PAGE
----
This trio of F-bombs tends to hold us back from getting out there and speaking our story. Flaws, foibles and fails happen to even the best speakers. It's not that we have these F-bombs, it's how we use, recover and thrive with them.
There is no such thing as a flawless speaker. Speaking is an art that you need to constantly improve. Our flaws are what make us interesting to watch. It's what makes us human. You might think you talk too fast or too slow, you gesture too much or not enough, the pitch of your voice is too high or too low. Speaking isn't Goldilocks and 3 Bears – you don't have to be just right. You just have to do your best and have kick-ass content.
Embrace what in your mind are your flaws. Those make you stand out. It's what makes you human instead of a Cylon.
Speakers make mistakes. Did you ever forget a part of your speech and afterwards thought, “Man, I can't believe I forgot that part. It was so important. I totally left it out.” Honestly, this is the BEST kind of foible to have. No one in the audience knows what you left out, forgot or didn't say perfectly. Only you do.
What about mistakes the whole audience knows you made? You know like dropping the B-word in front of an entire audience of business professionals? Mistakes are always larger in our own minds than the mind of our audiences. Mistakes are magic. They transform you from being the all-knowing speaking guru on the stage to a real, authentic person made of human parts.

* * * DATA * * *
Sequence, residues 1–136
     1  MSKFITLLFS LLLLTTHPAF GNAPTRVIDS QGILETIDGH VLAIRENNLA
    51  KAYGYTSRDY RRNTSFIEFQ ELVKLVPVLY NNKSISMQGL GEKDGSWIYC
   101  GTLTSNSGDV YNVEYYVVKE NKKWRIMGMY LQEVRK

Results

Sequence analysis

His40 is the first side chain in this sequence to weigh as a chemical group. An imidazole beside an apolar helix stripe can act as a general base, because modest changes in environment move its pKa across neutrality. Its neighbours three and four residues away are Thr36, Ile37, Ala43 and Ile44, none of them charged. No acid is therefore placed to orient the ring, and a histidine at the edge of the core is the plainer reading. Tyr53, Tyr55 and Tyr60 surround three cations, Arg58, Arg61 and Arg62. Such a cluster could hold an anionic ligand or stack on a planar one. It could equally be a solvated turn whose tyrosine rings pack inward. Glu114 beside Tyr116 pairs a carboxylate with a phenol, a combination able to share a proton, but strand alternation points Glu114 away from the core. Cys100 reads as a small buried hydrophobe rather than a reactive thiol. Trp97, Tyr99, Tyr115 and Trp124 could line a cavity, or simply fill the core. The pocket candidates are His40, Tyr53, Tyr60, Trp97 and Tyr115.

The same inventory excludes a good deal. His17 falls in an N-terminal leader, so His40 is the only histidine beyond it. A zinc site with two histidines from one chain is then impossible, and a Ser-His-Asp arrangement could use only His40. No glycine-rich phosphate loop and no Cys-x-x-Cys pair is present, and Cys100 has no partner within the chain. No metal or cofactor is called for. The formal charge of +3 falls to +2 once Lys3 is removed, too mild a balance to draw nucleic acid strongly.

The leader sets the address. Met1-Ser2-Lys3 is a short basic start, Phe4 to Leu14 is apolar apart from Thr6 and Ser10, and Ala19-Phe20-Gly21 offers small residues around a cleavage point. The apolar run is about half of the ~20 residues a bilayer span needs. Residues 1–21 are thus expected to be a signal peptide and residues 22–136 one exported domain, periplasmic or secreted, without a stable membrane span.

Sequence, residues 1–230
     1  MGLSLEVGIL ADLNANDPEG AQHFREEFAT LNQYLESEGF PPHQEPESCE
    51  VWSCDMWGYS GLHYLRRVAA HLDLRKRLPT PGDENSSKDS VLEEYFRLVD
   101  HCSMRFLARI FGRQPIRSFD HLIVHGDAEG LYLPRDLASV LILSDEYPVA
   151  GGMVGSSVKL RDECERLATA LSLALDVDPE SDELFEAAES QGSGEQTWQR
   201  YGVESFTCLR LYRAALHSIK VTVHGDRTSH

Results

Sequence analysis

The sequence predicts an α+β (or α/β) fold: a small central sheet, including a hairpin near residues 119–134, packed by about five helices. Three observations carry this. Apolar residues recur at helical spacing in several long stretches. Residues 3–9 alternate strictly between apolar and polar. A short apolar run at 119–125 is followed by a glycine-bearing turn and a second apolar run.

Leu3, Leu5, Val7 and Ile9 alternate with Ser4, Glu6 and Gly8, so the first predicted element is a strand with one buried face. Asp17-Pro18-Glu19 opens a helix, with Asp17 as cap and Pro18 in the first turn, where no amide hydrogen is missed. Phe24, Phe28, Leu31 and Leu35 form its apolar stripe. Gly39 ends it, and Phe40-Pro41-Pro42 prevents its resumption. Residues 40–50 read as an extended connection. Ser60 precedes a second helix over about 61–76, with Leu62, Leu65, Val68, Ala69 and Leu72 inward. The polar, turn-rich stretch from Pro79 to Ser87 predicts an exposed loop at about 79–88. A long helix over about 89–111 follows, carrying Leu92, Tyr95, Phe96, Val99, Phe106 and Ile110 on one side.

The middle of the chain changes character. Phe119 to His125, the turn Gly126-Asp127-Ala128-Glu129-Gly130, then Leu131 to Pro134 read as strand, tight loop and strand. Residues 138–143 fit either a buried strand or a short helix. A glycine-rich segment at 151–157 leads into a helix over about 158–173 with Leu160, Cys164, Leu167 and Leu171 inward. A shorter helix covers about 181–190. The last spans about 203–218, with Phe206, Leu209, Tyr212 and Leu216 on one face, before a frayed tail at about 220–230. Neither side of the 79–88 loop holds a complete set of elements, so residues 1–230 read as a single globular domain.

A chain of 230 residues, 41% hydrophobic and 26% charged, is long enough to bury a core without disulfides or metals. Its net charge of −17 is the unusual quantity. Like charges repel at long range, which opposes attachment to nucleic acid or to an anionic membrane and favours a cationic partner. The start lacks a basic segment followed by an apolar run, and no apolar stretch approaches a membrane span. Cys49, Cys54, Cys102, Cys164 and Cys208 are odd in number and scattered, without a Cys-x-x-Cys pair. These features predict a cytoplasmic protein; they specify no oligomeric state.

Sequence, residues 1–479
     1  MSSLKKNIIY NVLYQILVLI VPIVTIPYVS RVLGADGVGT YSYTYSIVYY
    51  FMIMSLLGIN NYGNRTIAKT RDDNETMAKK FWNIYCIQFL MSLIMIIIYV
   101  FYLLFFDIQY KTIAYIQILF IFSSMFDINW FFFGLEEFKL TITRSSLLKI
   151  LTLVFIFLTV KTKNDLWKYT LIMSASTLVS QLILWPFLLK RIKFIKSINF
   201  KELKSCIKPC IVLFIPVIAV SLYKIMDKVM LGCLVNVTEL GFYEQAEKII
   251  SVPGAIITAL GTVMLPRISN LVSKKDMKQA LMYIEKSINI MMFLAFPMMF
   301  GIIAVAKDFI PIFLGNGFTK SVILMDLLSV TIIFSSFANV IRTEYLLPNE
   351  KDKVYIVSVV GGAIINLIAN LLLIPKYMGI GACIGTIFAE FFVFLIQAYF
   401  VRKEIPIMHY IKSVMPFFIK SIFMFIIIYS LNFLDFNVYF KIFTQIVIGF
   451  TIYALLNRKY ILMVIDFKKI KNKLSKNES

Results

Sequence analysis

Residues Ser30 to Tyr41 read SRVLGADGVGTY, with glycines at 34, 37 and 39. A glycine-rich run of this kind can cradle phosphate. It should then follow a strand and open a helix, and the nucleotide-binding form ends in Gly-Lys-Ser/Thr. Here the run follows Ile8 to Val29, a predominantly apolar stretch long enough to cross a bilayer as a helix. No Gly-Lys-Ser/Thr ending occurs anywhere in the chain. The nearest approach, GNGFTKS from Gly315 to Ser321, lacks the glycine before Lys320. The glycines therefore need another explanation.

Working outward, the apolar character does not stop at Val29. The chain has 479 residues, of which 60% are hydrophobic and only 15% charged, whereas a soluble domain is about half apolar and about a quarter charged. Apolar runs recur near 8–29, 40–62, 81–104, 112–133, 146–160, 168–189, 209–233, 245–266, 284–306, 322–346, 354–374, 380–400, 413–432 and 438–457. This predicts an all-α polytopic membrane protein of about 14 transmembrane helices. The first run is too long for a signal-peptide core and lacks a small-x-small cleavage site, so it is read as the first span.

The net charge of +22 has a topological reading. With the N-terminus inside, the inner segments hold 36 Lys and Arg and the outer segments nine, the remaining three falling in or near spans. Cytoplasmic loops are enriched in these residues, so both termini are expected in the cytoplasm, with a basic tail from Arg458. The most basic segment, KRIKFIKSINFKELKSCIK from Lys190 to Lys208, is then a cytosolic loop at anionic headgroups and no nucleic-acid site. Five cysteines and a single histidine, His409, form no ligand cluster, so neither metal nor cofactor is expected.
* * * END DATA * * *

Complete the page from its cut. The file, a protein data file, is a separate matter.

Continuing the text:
I'm not telling you to intentionally screw up during your presentations. I'm telling you if it happens, roll with it. If your audience is laughing at you, laugh with them. They'll adore you even more.
The worst F-bombs are presentation fails. These happen to even the best speakers. Remember when Tony Robbins failed when a bunch of people got burns on their feet from walking across the coals? Sometimes your audience analysis is off – read my lesson from an audience fail. Sometimes that really fun joke you wrote flops. Fails happen. You're not perfect. In fact you're perfectly imperfect and the fact that you are reading this blog means you want to get better, learn and improve.
Failures teach us lessons. You learn what content works and what falls flat. You learn more about your audience and yourself as a speaker. A presentation fail is a great learning opportunity. It's feedback that guides you toward continual improvement. It's disappointing, but don't miss the lesson.
And for pity's sake, don't let a fail silence your story. Just because you messed up, doesn't mean it wasn't worth sharing.
Give a big hug to your inner F-bomb. Those flaws, foibles and fails ultimately make you a better speaker. Heck, according to Craig Valentine, these F-words even give you fodder for future presentations.